How ‘Old’ Are Older Italians?

The social life of older Italians is rich and fulfilling, and can serve as an inspiration to their foreign peers.

older Italians
Italians live longer than citizens of most other countries in the world. Photo courtesy of Alfredo Gagliardi.

Age is just a number, at least in Italy. Such is the impression of 70-year-old Bosnian artist Zdena Šarić, who has been staying in Rome for the last two months. “Wherever I went — whether it was a concert, an exhibition, a bar, a restaurant — almost everyone had gray hair,” says Zdena with a laugh.

In her home country of Bosnia and Herzegovina, Zdena runs Naš Most Zenica, an association working on the social inclusion of the elderly through the arts. She’s noticed older people there don’t make that much of their retired lives. “Most of my peers spend time watching TV and doing essentially nothing,” said Zdena, who in 2013 gathered a group of friends and transformed an empty space in Zenica into a center for creative workshops and an art gallery for senior citizens. The place where retirees could meet weekly to exchange tips for beginners in painting over coffee has grown into one of the most important cultural spaces in her city.

“We know that being active and socializing is the key to keeping us mentally healthy and helps us cope with our troubles,” she says. “And we’re doing everything we can to enjoy our lives.”

During the regular weekly activities, members of Naš Most learn new skills, learn from each other, and make new friendships. In addition to painting and handicraft courses, the association organizes events like exhibitions of members’ works, book promotions, and art colonies. Most members of the association have not been involved in creative activities before. When the association started about 10 years ago, they had about 30 active members, and today it has more than 100.

older Italians
Zdena Šarić leads encaustic classes, a painting technique that involves iron and wax, to encourage creativity among older women in Bosnia and Herzegovina. Photo by Ajdin Kamber.

But while what Zdena and her friends do is quite an exception in Bosnia and Herzegovina, in Italy it seems to be the dominant way of life.

Italy has the largest percentage of older adults — over 65 years-old — in the European Union. Italians live longer than citizens of many other nations, with a large proportion of people being independent and active until a very old age. A group of Italian gerontologists suggested moving the lower age limit of ‘being old’ in Italy from 65 to 75 years, due to the fact that senior citizens remain active for longer than their counterparts in other countries. “A 65-year-old today has the physical and cognitive capacity of a 40 to 45-year-old 30 years ago. And a 75-year-old has that of a 55-year-old in 1980,” states the 2018 policy brief of the Italian Society of Gerontology and Geriatrics (Società Italiana di Gerontologia e Geriatria, SIGG).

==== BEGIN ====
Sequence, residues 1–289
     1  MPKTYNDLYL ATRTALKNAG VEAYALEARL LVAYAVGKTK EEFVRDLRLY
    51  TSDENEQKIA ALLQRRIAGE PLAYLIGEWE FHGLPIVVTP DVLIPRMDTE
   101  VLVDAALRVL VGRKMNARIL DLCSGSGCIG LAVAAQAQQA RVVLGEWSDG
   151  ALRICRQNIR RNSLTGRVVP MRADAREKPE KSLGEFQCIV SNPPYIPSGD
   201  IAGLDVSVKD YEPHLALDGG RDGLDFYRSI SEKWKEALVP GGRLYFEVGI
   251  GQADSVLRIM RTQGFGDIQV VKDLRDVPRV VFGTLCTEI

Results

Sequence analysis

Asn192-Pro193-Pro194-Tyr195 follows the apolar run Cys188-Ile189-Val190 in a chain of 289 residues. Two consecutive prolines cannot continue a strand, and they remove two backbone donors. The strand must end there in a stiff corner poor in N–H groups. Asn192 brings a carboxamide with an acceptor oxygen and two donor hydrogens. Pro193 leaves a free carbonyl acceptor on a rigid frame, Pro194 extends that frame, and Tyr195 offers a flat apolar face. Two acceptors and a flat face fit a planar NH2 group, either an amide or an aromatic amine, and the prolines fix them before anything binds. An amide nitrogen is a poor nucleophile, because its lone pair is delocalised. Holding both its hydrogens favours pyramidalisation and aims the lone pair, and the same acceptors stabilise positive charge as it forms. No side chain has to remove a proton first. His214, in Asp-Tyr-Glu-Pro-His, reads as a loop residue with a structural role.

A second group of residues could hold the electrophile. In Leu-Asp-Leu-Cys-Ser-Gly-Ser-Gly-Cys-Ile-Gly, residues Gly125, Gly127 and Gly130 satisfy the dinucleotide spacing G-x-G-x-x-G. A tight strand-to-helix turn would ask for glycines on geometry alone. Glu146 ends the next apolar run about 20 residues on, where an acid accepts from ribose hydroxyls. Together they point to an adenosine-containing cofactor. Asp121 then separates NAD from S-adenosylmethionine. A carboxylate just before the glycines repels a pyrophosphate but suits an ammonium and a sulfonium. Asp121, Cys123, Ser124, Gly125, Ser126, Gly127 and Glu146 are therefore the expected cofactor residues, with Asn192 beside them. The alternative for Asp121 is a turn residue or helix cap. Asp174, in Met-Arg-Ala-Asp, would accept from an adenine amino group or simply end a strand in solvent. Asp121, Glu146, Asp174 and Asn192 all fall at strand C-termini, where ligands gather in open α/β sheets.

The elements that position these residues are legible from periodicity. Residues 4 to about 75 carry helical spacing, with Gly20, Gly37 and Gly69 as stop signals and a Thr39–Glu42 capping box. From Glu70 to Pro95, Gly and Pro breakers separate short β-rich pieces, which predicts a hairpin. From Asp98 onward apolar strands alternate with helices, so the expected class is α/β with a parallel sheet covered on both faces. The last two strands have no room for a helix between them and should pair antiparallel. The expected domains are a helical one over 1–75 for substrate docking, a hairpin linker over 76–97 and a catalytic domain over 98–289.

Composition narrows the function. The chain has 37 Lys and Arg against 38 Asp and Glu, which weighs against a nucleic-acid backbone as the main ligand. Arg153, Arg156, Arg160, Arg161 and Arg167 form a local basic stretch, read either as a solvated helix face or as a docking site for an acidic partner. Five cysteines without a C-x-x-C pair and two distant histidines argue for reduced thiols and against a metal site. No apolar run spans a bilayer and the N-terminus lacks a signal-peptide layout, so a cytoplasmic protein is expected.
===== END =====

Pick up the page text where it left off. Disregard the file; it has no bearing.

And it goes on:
Being aware that culture, environment, diet, tradition, and other factors contribute to it, the liveliness of the Italians is a topic that intrigued Zdena during her first visit to Rome three years ago. Upon her return to Bosnia and Herzegovina, Zdena’s association Naš Most Zenica hosted a photo exhibition titled Starci / Anziani by Italian photographer Alfredo Gagliardi on October 1, 2019, the International Day of Older People. The exhibited photographs, illustrating the social life of the elderly in Italy, were taken during his travels in the country over a period of 10 years.

“I got the impression that in Italy old age is not perceived as the end of life as intensely as in Bosnia and Herzegovina. That exhibition was an additional inspiration for all of us (in Naš Most Zenica) because we strive to ‘activate’ older people,” says Zdena. Gagliardi’s exhibition was one of the first activities of Naš Most that went beyond having a local character and significance. The association later on hosted artists and cultural workers from various countries such as Poland, Ukraine, Slovakia, the Sultanate of Oman, and Serbia. In collaboration with Rome-based association Cittadini del Mondo, Zdena planned to hold an encaustic workshop this January, however the event was canceled due to COVID-19.

Returning home from this year’s trip to Italy, she decided to organize creative meetings of Bosnian and Italian seniors as soon as the epidemiological measures allow. “The fact is that old age is not the end of life. Italians know it, and I’d like my peers in my home country to know it too,” she says.

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